Every week as part of my Learning through Internships class, I have to file an internship work memo about what I’ve done during the week. In addition to compiling a list of my tasks for the week, I get to write a bit about some of the observations I’ve made about the publication and how it works, or in general working in a British workplace. Since I’ve reached my halfway point in the summer, I thought I’d share a few of the things I’ve taken away from working as a web intern with the Radio Times thus far (y’know, other than adding in a few extra letters in words like “favourite” and “programme”).
RADIO TIMES — WEEK 2
One of the first things I heard about the average British work environment is the way communicate through email. Specifically, another student who had participated in this program said that communication in general was very sparse at her workplace. Email was the way to go, but even then, she had to be careful to address all her emails formally and also sent them sparingly so as to not disturb her co-workers.
I didn’t really think much of that again until I got to the Radio Times office. Since other MU students have interned with the weekly magazine outlet, I asked the most recent intern if she had any advice for my time here this summer, and she also brought up tips regarding the method of communication around the office. She said that most of it was done through email, which reminded me of what I had heard earlier, so I thought I would be pretty adequately prepared or at least aware of the adjustments I would need to make.
Maybe it’s because I work in the web department, where everything is fast-paced, that the formality of the emails isn’t nearly as structured as I would have thought. This week I received a few where the whole message was in the subject line, or it would contain a singular sentence asking me to do something without punctuation, let alone a formal address. That part was little comforting since it reflected the more relaxed atmosphere of the web department. Then again, the way that people around the office rely so heavily on email communication throughout the day instead of just talking about it face to face is something I’ll need more time adjusting to. I remember that on one of my first days when I was setting up some of my administrative accounts, one of the assistant editorial directors emailed me to “give her a shout” if I had any questions. I thought this was particularly interesting considering she was just a few seats down from me and could have easily just reached over and told me.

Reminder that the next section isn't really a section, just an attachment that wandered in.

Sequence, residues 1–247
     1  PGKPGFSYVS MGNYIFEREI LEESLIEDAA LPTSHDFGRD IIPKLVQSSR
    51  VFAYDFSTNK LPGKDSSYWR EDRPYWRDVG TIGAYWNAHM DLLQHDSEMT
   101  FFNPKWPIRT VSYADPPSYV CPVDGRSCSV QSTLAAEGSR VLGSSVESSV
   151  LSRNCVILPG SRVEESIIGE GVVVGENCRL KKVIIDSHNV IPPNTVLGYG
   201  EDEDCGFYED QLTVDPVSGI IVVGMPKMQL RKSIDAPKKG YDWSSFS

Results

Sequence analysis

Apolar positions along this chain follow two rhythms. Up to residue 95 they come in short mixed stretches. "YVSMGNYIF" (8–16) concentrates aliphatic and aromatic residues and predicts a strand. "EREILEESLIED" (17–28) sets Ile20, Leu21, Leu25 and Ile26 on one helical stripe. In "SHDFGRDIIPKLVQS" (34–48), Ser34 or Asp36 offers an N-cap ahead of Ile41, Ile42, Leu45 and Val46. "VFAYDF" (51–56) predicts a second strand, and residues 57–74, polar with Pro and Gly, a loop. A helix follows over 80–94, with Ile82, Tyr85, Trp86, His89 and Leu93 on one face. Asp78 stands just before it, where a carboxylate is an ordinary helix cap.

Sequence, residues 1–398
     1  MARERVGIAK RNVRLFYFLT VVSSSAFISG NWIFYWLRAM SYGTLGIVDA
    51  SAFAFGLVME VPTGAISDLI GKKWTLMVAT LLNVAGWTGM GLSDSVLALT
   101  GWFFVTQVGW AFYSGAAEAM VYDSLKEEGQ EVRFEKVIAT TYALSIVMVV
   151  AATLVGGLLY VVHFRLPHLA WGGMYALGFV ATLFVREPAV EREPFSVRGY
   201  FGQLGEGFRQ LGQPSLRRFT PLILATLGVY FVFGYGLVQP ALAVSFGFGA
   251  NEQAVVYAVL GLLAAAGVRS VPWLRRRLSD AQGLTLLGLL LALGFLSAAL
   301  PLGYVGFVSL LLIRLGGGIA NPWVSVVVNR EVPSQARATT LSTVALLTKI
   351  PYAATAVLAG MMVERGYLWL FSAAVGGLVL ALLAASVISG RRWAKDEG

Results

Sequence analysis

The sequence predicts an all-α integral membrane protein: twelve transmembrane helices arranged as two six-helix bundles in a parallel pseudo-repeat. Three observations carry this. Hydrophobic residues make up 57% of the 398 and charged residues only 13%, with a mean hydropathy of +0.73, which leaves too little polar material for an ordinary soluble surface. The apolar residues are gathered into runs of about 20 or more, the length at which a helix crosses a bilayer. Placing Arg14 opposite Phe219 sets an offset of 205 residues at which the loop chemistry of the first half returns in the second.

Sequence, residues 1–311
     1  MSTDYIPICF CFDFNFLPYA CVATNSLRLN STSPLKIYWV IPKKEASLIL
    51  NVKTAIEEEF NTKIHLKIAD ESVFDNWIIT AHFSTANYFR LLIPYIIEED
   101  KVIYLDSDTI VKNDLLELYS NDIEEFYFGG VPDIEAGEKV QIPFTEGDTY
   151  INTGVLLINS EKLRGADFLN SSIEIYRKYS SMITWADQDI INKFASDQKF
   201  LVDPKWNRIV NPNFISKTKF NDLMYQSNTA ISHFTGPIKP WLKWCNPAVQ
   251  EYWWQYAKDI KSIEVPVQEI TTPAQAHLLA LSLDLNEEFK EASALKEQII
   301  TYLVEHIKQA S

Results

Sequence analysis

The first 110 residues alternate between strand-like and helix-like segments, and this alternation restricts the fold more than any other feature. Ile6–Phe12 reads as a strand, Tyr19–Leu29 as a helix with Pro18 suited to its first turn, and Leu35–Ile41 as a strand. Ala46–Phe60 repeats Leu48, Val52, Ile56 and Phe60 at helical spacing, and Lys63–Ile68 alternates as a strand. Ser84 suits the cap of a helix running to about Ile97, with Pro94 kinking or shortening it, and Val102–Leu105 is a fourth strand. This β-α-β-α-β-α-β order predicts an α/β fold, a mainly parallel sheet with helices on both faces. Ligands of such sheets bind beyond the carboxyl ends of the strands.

Just Wednesday, another writer asked if I wanted to talk to her about any questions I might have to prepare for my interviews with the Monsters University filmmakers. This, of course, was done through email. With the promise of more face-to-face communication with anyone in the office, I jumped at the chance, only to have her suggest we meet Thursday morning. I though this was odd since we were also just a few seats away and could have taken a five-minute break to chat about it in the break room. I think that if this kind of exchange were to happen in a newsroom in the states, stopping by each other’s workspaces would be a lot more acceptable. But here, it’s seen as a disturbance, and email is an easier way to let others get back to you on their own time. Then again, that also reflects the way email in the UK generally isn’t seen as immediate the way it is in the states.